Yes, nearly two months after the conclusion of my epic road trip, I am still getting around to recapping the trip.
It's a shame I've waited so long to talk about Utah because I absolutely loved the state, despite the terrible thunderstorms we hit driving through. I thought Utah had an incredibly diverse landscape, friendly people, and some of the coolest places to run of my whole trip.
If I could sum up Utah with one word, it would be: GO. Seriously, go visit Utah. If you like to hike or climb mountains or go bike riding or run or do anything in the outdoors, then go to Utah. The state is truly picturesque.
This doesn't look high up, but it was nearing the top of a roughly 2,000 ft climb. You could see out over a large valley to the red rock cliffs on the other side.
In fact, those red rock cliffs were the Vermilion Cliffs National Monument, only we weren't able to get a good look at them due to the heavy cloud cover. Guess I'll just have to go back!
The promised land! Zion National Park was one of the places I was most excited about on the trip. I'd heard that it was an incredibly stunning place, and I thought it met its reputation, despite the overcast skies.
Unfortunately, photos don't capture the scope of the rock walls or how neat the formations were -- this one looked like a chess board!
The colors of the rocks also varied from one end of the park to another, changing as we drove along the main road from east to west.
We took a break to stretch our legs and climbed around on these wave-like formations for a bit. They looked like ocean waves that had been calcified.
Then, the best part of the park: driving through a long tunnel and emerging into a deep canyon.
Unfortunately, the pictures simply cannot convey the scale of the canyon. As soon as we exited the tunnel, I started laughing at the sheer massiveness of the rock walls. Unlike the Grand Canyon, where you're looking down into a canyon, at Zion you're surrounded by canyon walls. It's a totally different experience and somehow seems a lot more "grand" than the Grand Canyon.
Mason was unimpressed, however. Really, he's not impressed by anything that isn't edible.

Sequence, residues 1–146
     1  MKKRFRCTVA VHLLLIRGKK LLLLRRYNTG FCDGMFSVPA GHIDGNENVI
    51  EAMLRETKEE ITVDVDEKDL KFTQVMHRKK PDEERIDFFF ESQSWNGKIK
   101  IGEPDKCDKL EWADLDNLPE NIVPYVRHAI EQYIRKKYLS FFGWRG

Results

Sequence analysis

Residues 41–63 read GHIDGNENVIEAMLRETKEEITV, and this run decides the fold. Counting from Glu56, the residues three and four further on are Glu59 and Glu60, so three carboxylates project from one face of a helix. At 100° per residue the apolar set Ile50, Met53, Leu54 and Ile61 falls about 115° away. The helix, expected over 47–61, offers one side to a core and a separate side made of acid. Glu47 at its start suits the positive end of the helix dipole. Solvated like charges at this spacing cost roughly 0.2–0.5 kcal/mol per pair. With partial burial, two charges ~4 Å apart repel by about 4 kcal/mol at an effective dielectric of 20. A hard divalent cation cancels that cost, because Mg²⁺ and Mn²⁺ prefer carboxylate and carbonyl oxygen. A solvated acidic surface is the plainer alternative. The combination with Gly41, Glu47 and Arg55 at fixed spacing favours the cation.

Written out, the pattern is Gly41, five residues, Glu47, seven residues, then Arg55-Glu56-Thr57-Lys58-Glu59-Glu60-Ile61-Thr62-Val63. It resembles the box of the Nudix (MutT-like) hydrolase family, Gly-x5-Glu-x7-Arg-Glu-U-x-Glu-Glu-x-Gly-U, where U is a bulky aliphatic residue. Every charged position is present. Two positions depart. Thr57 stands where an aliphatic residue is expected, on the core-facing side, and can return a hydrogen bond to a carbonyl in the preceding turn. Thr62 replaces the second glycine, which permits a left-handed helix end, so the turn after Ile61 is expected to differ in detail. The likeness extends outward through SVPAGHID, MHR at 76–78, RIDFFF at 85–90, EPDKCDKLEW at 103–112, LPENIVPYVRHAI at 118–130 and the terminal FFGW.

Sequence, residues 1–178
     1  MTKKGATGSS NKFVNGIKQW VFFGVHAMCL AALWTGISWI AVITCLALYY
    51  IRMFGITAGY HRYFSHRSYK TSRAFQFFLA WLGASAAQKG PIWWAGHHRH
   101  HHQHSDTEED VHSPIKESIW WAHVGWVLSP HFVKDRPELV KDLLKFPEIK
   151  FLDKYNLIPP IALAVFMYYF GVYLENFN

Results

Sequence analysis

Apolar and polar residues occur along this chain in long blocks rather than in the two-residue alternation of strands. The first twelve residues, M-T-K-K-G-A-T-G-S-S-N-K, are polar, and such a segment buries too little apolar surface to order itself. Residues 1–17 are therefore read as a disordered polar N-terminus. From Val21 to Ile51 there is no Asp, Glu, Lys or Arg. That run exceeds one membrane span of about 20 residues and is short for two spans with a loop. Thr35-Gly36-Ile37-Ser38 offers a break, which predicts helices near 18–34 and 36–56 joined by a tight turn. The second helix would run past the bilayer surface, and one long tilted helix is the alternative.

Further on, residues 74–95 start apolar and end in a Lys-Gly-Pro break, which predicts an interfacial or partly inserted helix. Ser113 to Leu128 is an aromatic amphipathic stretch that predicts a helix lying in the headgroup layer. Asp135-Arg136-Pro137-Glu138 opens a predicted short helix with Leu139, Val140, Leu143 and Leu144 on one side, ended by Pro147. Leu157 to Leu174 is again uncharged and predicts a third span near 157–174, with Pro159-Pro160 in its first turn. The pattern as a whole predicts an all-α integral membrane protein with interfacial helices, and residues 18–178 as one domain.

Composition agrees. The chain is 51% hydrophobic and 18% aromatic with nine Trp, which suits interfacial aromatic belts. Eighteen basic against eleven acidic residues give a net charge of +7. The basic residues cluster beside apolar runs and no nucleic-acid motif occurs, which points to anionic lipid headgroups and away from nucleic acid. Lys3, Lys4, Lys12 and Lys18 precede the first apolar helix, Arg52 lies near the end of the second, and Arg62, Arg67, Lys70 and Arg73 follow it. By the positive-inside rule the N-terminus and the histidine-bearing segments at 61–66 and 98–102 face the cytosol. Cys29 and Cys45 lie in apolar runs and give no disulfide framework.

Part of the reason I loved Utah so much was the fantastic experience Sourabh and I had exploring one of its state parks. When yet another day of thunderstorms was forecast for Bryce Canyon, the next national park we meant to see, we decided to stay close to St. George -- where our hotel was located -- and check out a state park.
And as it turned out, Snow Canyon State Park was awesome! There were many trails, two of which were open to dogs, and I was able to get in a gorgeous run in the morning while Sourabh walked Mason.
We liked the park so much that we decided to go back after dinner! It was only a 15 minute drive from our hotel, so we took Mason along the other dog-friendly trail in the park.
We have so few pictures together from this trip since I was more concerned with getting shots of all the mountains and canyons. Oops. Luckily we got one at Snow Canyon!
We were lucky enough to see a beautiful sunset light up the canyon walls in the distance as we walked back to the car. I can only imagine how gorgeous the park would be in sunny weather!
The next day, as we left St. George, UT, we stopped at Starbucks for breakfast and made sure to get Mason a pupacinno -- a mini cup of whipped cream. Mason had never had one before but judging by the whipped cream on his snout, I think he liked it.
This was also the day that I was set to try for 20 miles, but the thunderstorms got in the way. I ran 5 miles on the hotel treadmill then we headed off toward Park City.
Along the way, we saw this gorgeous dirt road in the middle of a valley, so I got in another 5 miles. At roughly 6,000 ft elevation. I listened to superhero movie music to help motivate me (it worked like a charm and the run felt fantastic).
Finally, I fit in the final 10 miles of the 20 miler along a paved path in Provo. This is another place I'd love to go back and explore further. Provo was nestled into these mountains and seemed like a fantastic place to run or hike. I don't ski, but I'm 99% sure it's also a fantastic ski destination.
Sadly, we didn't get to Park City till 8:30 PM, and by then all we wanted to do was eat then sleep. And since we had 470 miles to drive the next day, we didn't really get to see it the following morning. Add it to the list of places I need to go back to!
Leaving Park City, we drove through another area of Utah: the flat ranch lands.
Looking back through these pictures has me missing the expansiveness of the west and the jagged topography of the Rocky Mountain states. I need to go back ASAP! Anyone want to plan a trip with me?
Have you been to Utah? Where else should I go